Western Journal of Nursing Research 08/2010; 32(5):644-61. DOI:10.1177/0193945909356098 · 1.38 Impact Factor
  • Source
    [Show abstract] [Hide abstract]
    ABSTRACT: to evaluate and compare the effects of body mass index (BMI) on the severity of female urinary incontinence (UI) using the quality of life questionnaire King's Health Questionnaire (KHQ), variables of urodynamic studies and the medical history taken. cross-sectional clinical study. We selected 65 patients with stress urinary incontinence (SUI) who were divided into three groups: Group I (BMI: 18-25 kg/m²), Group II (BMI: 25-30 kg/m²) and Group III (BMI>30 kg/m²). The KHQ domains were compared between these groups. In addition, some clinical history urodynamic data (presence of nocturia, enuresis, urgency and urge incontinence) were also related to BMI by calculating the Odds Ratio (OR). The BMI in the presence and absence of non-inhibited detrusor contractions and Valsalva leak point pressure (VLPP) <60 or > 60 cmH2O were evaluated. Finally, the correlation between BMI and the nine KHQ domains has been tested in order to detect some association. the KHQ did not record deterioration of quality of life in women with UI with increasing BMI in any of its areas. The OR for the presence of enuresis in relation to a BMI was 1.003 [CI: 0.897-1.121], p=0.962. The OR for nocturia was 1.049 [CI: 0.933-1.18], p=.425. The OR for urgency was 0.975 [CI: 0.826-1.151], p=0.762, and the OR for incontinence was 0.978 [CI: 0.85-1.126], p=0.76. We studied the BMI in patients with and without non-inhibited detrusor contractions and detected medians of 26.4 ± 4.8 and 28.3 ± 5.7 kg/m², respectively (p=0.6). Similarly, the median BMI values for the groups with VLPP <60 and >60 cmH2O were 29.6 ± 4.1 and 27.7 ± 5.7 kg/m², respectively (p=0.2). Finally, we failed to demonstrate an association between BMI and any of the nine KHQ domains by means of the Spearman correlation. there was no association of KHQ scores with BMI. There was also no correlation between the parameters of clinical history and of the urodynamic study with BMI.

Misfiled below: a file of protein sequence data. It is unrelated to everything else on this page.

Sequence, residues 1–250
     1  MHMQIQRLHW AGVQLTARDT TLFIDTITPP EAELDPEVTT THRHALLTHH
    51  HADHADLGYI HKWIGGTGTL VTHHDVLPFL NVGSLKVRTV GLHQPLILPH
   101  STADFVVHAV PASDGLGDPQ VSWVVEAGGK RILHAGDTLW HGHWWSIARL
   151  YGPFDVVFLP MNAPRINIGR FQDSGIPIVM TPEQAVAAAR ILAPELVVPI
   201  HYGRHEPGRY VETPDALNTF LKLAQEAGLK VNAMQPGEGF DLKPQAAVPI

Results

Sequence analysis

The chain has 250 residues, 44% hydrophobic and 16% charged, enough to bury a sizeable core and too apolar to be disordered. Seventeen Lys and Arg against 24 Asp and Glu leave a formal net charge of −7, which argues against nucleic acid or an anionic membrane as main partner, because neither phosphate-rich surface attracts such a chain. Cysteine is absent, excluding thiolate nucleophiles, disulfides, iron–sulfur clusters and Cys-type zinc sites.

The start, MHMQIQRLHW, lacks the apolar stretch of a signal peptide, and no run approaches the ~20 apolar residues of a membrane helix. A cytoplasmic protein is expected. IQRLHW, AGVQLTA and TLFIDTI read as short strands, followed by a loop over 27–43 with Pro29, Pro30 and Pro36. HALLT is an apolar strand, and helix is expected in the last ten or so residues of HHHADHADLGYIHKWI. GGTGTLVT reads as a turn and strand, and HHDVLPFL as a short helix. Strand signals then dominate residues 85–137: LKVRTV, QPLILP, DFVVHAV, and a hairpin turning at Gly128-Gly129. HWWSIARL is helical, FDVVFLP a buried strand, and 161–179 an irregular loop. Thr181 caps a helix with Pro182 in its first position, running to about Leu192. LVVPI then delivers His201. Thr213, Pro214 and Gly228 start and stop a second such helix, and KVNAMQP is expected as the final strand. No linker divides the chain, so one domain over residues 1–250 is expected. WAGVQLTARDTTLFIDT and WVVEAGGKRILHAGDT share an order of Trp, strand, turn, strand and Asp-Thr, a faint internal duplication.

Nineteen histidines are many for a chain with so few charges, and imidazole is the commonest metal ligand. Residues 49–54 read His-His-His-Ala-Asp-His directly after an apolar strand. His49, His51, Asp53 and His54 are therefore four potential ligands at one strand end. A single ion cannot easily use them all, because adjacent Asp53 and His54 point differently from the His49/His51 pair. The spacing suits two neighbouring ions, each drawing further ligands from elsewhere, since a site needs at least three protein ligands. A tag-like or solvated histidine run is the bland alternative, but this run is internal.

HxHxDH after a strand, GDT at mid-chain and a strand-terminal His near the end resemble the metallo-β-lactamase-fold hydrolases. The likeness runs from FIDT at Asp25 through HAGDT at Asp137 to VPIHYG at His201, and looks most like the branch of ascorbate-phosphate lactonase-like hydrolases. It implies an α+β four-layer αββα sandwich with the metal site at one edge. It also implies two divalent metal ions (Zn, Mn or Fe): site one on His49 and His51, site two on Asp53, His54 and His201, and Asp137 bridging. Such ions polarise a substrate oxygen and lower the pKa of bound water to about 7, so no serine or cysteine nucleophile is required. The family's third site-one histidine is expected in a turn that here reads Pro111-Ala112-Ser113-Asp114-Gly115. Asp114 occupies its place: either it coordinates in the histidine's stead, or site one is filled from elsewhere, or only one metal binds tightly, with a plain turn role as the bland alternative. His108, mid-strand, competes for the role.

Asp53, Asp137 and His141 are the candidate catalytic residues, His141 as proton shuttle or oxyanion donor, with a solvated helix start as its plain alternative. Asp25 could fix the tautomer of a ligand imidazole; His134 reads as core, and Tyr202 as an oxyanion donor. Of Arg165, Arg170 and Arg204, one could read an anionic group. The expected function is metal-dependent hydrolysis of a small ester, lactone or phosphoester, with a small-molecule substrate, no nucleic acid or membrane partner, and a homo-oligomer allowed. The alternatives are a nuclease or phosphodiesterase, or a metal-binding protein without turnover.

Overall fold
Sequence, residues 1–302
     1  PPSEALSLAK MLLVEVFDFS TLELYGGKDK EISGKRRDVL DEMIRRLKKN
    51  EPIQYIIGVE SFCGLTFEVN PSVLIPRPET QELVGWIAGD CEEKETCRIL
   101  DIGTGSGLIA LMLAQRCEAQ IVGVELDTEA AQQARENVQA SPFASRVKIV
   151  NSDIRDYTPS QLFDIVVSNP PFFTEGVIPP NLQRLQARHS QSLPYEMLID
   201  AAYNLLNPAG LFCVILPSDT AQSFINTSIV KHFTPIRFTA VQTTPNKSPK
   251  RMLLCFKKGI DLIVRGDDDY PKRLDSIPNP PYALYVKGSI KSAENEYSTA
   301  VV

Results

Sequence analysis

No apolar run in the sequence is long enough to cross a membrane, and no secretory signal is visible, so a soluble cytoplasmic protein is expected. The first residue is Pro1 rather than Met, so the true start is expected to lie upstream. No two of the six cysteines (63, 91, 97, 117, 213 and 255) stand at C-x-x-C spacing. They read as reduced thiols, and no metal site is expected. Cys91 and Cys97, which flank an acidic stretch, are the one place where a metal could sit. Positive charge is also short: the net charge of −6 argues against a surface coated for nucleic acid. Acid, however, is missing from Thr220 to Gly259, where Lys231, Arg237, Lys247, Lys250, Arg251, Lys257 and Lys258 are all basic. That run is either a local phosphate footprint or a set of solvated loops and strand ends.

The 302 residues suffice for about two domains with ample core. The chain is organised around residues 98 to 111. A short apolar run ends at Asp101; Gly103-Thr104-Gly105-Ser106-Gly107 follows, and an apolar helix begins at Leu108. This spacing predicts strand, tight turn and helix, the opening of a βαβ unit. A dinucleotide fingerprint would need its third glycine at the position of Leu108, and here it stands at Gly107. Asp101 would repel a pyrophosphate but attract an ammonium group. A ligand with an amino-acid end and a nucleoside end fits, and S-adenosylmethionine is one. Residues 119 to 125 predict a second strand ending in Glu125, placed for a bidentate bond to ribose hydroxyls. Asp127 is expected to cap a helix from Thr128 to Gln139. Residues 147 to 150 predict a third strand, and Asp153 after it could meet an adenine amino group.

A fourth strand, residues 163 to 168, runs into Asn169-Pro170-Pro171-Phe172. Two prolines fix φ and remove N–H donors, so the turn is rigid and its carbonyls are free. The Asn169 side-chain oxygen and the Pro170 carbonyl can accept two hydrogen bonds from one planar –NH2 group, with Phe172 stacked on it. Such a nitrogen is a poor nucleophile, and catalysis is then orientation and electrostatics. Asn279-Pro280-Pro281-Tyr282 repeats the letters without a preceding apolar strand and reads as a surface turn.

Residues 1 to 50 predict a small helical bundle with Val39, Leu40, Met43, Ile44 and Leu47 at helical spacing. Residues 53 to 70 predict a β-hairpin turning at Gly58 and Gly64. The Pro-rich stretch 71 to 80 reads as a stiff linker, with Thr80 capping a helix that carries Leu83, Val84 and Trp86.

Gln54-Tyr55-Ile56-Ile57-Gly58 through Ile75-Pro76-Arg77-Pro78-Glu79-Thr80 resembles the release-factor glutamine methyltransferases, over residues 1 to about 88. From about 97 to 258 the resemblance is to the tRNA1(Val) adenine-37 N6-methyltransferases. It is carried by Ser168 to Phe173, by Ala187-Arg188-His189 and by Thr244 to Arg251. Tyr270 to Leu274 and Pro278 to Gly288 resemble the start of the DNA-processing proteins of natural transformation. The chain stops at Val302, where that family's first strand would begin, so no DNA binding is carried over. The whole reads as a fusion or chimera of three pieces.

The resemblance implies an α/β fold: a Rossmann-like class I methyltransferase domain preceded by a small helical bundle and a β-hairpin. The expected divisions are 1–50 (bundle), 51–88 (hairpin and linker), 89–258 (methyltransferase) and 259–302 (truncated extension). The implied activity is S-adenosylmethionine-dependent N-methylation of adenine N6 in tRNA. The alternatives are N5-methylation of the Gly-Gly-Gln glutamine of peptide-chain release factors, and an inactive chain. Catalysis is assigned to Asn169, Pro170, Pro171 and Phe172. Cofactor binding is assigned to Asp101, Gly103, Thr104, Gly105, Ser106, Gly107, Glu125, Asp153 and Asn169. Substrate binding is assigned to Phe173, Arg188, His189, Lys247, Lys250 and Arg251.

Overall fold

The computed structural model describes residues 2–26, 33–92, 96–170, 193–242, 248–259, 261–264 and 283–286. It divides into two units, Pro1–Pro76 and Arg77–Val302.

Revista brasileira de ginecologia e obstetrićia: revista da Federação Brasileira das Sociedades de Ginecologia e Obstetrícia 09/2010; 32(9):454-8. DOI:10.1590/S0100-72032010000900007
Show more